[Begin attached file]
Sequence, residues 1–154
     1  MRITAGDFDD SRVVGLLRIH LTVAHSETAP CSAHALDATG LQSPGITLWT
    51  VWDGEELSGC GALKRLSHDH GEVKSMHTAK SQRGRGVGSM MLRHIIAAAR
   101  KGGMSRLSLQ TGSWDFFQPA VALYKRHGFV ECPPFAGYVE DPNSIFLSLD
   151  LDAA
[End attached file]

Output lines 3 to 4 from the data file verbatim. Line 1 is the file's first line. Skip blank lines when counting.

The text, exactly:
    51  VWDGEELSGC GALKRLSHDH GEVKSMHTAK SQRGRGVGSM MLRHIIAAAR
   101  KGGMSRLSLQ TGSWDFFQPA VALYKRHGFV ECPPFAGYVE DPNSIFLSLD